How to Successfully Raise an Interfaith Blended Family
I believe that life is built on second chances. And my second chance at love after divorce came in the form of a Caucasian, Irish, Catholic man: Brian. The problem was, I was Pakistani, Muslim, with a toddler son, Qasim, from my first marriage, and I grew up in a culture where you didn’t fall in love, let alone marry anyone that didn’t look like you or wasn’t of the same faith. Especially, if you were a Muslim woman. The double standards in the culture and religion forbid a woman marrying outside of the faith.
I also believe that faith is a very personal decision and your relationship with God, the Universe, higher power, whatever you want to call it, is yours alone.
Having this fundamental belief about second chances — a core value that I developed after my divorce — allowed me to be open to love and companionship outside of my faith and culture.
Brian and I decided to take our relationship to the next level and got married, regardless of any cultural and religious backlash, because we knew that what we had and have is a very special gift. He became an instant dad to Qasim, and their relationship is absolutely special. You’d never know Brian was his stepdad. We decided to grow our family, and I gave birth to Aidan shortly after. We are officially a blended, interfaith family practicing Islam and Catholicism, while honoring our Pakistani and Irish heritages.
3 Tips for Navigating Cultural Differences
What’s helped us successfully and openly raise our children in a multi-faith home without conflict was created with intention and love. Here are three things that have helped us embrace our cultural and religious differences:
1. No Right or Wrong
Agreeing that when it comes to our faith, there is no right or wrong, better or worse. Faith is meant to connect us to a higher power, to help us stay grounded, and be better human beings for all mankind. Even though each religion has different rules, fundamentally, the goal is the same: to be a good person. That is the mantra that we live by and instill in our home. We make it a point to celebrate all of the different holidays between Easter, Christmas, Eid, Ramadan, etc. Outside of holidays, I’ll join Brian at Church for Sunday mass, while Qasim continues his weekly Quran lessons and Aidan learns Urdu.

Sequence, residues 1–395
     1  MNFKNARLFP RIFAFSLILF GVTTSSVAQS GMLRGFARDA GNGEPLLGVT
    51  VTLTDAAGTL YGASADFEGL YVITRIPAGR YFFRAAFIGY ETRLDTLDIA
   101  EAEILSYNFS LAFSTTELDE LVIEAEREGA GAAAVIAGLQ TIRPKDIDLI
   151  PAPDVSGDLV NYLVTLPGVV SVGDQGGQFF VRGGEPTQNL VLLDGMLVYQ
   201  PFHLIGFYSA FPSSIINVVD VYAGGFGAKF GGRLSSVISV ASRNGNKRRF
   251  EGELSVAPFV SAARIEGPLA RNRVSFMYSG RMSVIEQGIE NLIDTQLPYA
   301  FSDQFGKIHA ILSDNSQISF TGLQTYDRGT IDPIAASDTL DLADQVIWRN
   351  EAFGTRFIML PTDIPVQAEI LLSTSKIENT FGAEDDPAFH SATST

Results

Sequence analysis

2. Not Listening to Doubters
Deciding that what other people think we should believe or how we should live our lives is not important to us. Everyone is entitled to their opinions, but we get to decide how we want to raise our family. Those opinions include our parents at times. Although we love our parents, we are the ones responsible for raising our kids in accordance to our belief system. Our goal is to instill a culture of acceptance. This mindset has made a big difference in limiting conflict in our relationship.
3. Being Curious About Each Other's Culture
Exploring our faith and cultures with curiosity. There is something extremely liberating when the goal becomes exploration rather than explanation. Brian and I ask each other a lot of questions about how we grew up, what religion taught us, and how our culture impacted us because we are genuinely curious about what makes us unique. The goal isn’t to explain why one religion is better than the other or defend our cultural upbringings. There is value and richness in our differences and that’s what makes our blended interfaith family so special. We especially love celebrating our different cuisines — I’m a huge fan of shepherd’s pie while Brian loves Pakistani chicken karhai (chicken & tomato dish).
Raising an interfaith blended family seems guaranteed to be a challenge, but it doesn’t have to be. Once you’re aligned as a couple, on your family’s goals, values, and how much power you assign to others’ opinions, things start to become a lot easier. At the end of the day, we were all given the gift of one life each; it’s important to live it according to the ideals that speak to you the most, rather than what other people expect you to believe.